Ten Awassi lambs ages were 4 to 5 months and average body weights 22.81±0.48 were used in this study, lambs were housed in the barn of the college of Agriculture and Forestry, University of Mosul- Iraq, from the period 15/7/2019 to 15/10/2019, lambs were allocated into two treatments, the first was fed on control diet and the second fed with additive 5 g/lamb/day of protected methionine (MetaSmart, manufactured by Kemin company, Poland), lambs in both treatments were fed ad-libitum two times daily on the basal diet consist mainly of barley grain, wheat bran and soybean meal (Table 1), first meal was given at 8:00 am while the second meal was given at 4:00 pm and the daily feed intake was recorded lambs were supplied with fresh water and mineral salt blocks along the period of study, chemical composition of basal diet was measured laboratory as described by (AOAC, 2000), with exception energy value was calculated according (Alkhawaja et al., 1978). At the last day of the study lambs were fasted for 18 hours and slaughtered, weights of hot carcass, edible parts and carcass fats were recorded, Carcasses were split into two parts, eye-muscle area and subcutaneous fat were measured from the left side of the carcass between the ribs 12th and13th according to (Maddock et al., 2013). Statistical analysis of data was done by computer using complete randomized design CRD with general linear model (Anonymous, 2001) and the significance of differences between means was determined by Duncan multiple test (1955)

Table 1: Ingredients and chemical composition of basal diet.

Animal growth and feed intake
The results in (Table 2) were indicated that feeding lambs with additive protective methionine significantly lower (P<0.05) final body weight 37.68 kg as compared control 40.25 kg, this was reflection of the decrease in the daily and total gain 0.165 kg/day and 14.93 kg as compared control 0.203 kg/day and 17.37 kg. the reduction in feed intake in additive treatment 0.860 kg/day may be the cause of the decrease in body weight. However, it is noted that feed efficiency was increased by 12.23% in lambs fed with protected methionine 5.184 kg feed/kg gain as compared control 5.818 feed/kg gain, we suggest that the decrease in feed consumption was the reason for the improvement in feed efficiency, Tayeb (2008) demonstrates that 20% restriction of feed intake lowers weight gain but enhances feed efficiency due to increase digestibility. Several studies showed that protected methionine did not affect in weight gain or feed efficiency Ren Ao​ et al., (2019); Niroumand et al., (2020); Li et al., (2020) and Chen et al., (2021).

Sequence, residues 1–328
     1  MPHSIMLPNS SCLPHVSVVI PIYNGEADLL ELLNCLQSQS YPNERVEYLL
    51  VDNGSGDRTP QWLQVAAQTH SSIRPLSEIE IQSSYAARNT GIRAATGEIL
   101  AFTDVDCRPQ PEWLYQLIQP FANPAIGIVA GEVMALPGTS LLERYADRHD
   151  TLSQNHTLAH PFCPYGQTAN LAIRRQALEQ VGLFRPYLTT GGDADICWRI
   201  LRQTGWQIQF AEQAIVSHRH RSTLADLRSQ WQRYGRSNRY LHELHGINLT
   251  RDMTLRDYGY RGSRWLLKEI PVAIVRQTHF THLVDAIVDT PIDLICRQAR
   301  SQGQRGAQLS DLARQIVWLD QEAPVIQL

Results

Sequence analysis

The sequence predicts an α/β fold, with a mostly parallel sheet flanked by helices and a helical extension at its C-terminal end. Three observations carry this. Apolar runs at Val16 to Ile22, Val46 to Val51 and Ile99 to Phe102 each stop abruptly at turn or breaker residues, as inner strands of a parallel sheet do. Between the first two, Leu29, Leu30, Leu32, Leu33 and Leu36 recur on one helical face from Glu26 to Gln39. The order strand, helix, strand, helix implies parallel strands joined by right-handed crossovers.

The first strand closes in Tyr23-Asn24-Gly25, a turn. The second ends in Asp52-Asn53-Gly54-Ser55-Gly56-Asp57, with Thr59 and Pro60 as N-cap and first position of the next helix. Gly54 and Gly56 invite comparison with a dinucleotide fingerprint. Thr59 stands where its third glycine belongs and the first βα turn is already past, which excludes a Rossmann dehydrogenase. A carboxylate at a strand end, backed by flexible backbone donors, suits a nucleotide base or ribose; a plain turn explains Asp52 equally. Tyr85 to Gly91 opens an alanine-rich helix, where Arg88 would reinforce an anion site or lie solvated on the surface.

Table 2: Effect of protected methionine on growth and feed efficiency.

Carcass traits
Data of carcass traits are present in (Table 3). The differences were not reach to significant in hot carcass weight 19.58 and 18.73 kg, dressing percentage 48.61 and 48.15%, rib-eye muscle area 16.34 and 16.02 cm2, fat thickness tend to decrease but not significantly in protected methionine treatment 0.81 cm as compared control 1.01 cm. Fat tail decrease (p<0.05) to 2.04 kg in protected methionine treatment than control 3.39 kg, conversely kidney fat was higher in protected methionine treatment 0.079 kg than control treatment 0.066 kg while mesenteric fat was nearest in the two treatments 0.409 and 0.431 kg respectively, likewise no significant differences were noted in the non-carcass component. Our result was agreement with data of Obeidat et al., (2008); Wang et al. (2018) and Chen et al., (2021) they report that feeding with protected methionine did not affect in carcass characteristics with a decrease in fat tail in lambs, in contrast with Li et al., (2020) indicated that feeding with rumen protected methionine led to significant increase in carcass fat.

Table 3: Effect of protected methionine on carcass measurements.

The present study indicates that supplementation Awassi lambs with protected methionine directly after weaning may led to reduce feed intake for an unclear reason, but in general, it has a positive effect in reducing body fat deposition and producing more quality carcasses. There is a need to conduct other studies to clarify the effect of protected methionine on fat deposition and production performance at higher weights at slaughter and at older ages.
The authors would like to thank the Animal Production Department, College of Agriculture and Forestry, University of Mosul for providing support and facilities to conduct this article.